4 out of 5
Said whilst shaking fist: Skip Tracerrrrrr!!
I’ve expressed dislike for James Peaty’s / Paul Marshall’s psi-cop procedural Skip Tracer previously, and in a prog that contains a fantastic Dredd tale, Jaegir and Grey Area – both of which I’m admittedly a biased fan – and a fun 3riller, that dislike makes it stick out like a sore thumb. I hate outright trashing something, accepting that it certainly works for some people and that there’s effort that goes into making it, even if I don’t like the end result, but there does seem to be a consensus in the printed letters that there’s a general lack of understanding of the strip’s appeal. (Although it had enough appeal for a sequel…) At best, it’s just completely undistinguished: we already have psi-cops in the Dredd world, and there’s nothing particularly noteworthy about lead Nolan Blake (he’s rather a faceless action star), his bad guys (terrorists, I guess?), or the psi-blast-first-ask-questions-later approach he takes. Paul Marshall, who is capable of adding mood when needed by a script, treads water with the generic ‘Cube’ setting and cookie-cutter action. Peaty offers us petty one liners when Blake knocks someone out. As noted, this all works for some, I’m sure, but I struggle to understand how, and I hope this is the last we’ve seen of the strip.
With the recent passing of Carlos Ezquerra, I’ve been wondering if it would affect John Wagner’s writing, so aligned was the artist with some of Wagner’s best 2000 AD offerings. The Dredd tale Machine Law – in which new Chief Judge Logan appoints robo-judge Harvey to his council, inciting mass riots amongst not only the populace but resistant judges as well – concludes in these progs, and it’s one of the most balanced and interesting things Wagner has written in recent past, which, for a dude who’s offered us consistently great tales, is not a small taters compliment. I bring up Ezquerra because it’s possible to read a layer of transition in the way the story unfolds: change is introduced; people revolt; Dredd has his own disagreements but holds true to the law. Wagner writes a fascinating set of back-and-forths between Logan, Harvey, and Dredd – and dying judge Hershey – such that we can’t be sure, exactly, how Joe is going to act in response to the debate. The ending John went with was brilliant: not a cop out, and offers a conclusion while allowing for the discussion to continue…
Grey Area: Mark Harrison’s page clarity is tough to parse when the action heats up, but I can’t imagine this thrill without his characterizations and the generally mucky environment he’s designed. Abnett carried on his secret op for an impressively long time, and it was exciting to see how Kymn and Bitch could find their way back into the fold. Especially telling of the strip’s longevity is the thrill in 2122, which is literally just a long conversation discussing, essentially, what happens now. Harrison’s acting, panel by panel, is fantastic, and Abnett’s scripting of the exchange makes each word required reading.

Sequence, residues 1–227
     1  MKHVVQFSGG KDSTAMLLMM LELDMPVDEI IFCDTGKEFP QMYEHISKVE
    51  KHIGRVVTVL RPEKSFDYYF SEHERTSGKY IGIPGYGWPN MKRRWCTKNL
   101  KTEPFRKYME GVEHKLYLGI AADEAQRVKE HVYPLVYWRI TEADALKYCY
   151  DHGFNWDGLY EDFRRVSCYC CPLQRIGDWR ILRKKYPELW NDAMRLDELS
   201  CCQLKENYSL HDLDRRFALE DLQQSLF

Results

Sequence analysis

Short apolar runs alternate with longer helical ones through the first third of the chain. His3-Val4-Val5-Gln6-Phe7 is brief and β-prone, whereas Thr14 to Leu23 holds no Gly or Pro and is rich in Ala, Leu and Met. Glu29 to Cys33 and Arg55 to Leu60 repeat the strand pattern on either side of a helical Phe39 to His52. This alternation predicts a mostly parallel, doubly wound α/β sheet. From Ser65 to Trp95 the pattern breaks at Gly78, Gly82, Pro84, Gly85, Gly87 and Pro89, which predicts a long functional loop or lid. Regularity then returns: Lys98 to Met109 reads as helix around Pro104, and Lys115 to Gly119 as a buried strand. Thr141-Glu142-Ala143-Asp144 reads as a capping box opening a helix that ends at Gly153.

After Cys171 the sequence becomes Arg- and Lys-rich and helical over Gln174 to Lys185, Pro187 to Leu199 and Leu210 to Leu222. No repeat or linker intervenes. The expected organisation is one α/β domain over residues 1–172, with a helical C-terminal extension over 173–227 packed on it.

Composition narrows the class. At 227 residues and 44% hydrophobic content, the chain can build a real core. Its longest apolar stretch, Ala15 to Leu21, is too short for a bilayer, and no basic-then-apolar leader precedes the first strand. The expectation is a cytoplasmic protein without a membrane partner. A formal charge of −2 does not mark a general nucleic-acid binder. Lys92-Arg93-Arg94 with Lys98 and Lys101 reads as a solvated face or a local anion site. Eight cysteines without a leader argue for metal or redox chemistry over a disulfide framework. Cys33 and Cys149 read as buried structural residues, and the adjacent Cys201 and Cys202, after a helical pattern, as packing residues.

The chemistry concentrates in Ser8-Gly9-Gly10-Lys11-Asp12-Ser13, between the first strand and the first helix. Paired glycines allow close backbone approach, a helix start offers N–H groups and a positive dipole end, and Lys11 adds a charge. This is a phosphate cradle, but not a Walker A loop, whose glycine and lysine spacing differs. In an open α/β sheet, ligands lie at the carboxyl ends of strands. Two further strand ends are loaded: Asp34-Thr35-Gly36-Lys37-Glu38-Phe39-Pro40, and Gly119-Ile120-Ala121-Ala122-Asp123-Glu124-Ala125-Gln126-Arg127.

3riller Tooth & Nail: I think the ending of this was sort of predictable, but Andi Ewington’s script found a bouncy, interesting way to present this 3-part tale of a mob interrogation. This is one of those perfect uses of a 3riller, in that it gives us a completely different 2000 AD vibe, but in a bite-sized format, letting us know whether or not we should keep an eye out for other offerings from the talent without having to subject us to some multi-part thrill if’n we don’t like it. Since Ewington spun something relatively generic into a thrill I looked forward to continuing, that’s a definite ‘yes’ on wanting to see what’s next.
Aaand Jaegir, Gordon Rennie’s / Simon Coleby’s ongoing punishments of tough-as-heck Nort Atalia, as she and her crew investigate wartime abuses. In Bonegrinder, she’s been sent out to mete out the law in a region constantly under assault by Southers, and which turns out to be inescapable. So: she figures a way to escape, but it’s not without consequence… for her. Jaegir and Klaur are such strongly defined and brittle characters (defined in both writing and art), that I could just read scenes between the two of them and enjoy my time with Jaegir. Rennie gives us that, but has also added to the nuances of Atalia’s lineage, and found new damning threats to throw her into the midst of along the way, and Bonegrinder tops the list of high-stakes thrills. It ends on quite a cliffhanger.
Lots to love in these four progs, fist-shaking aside.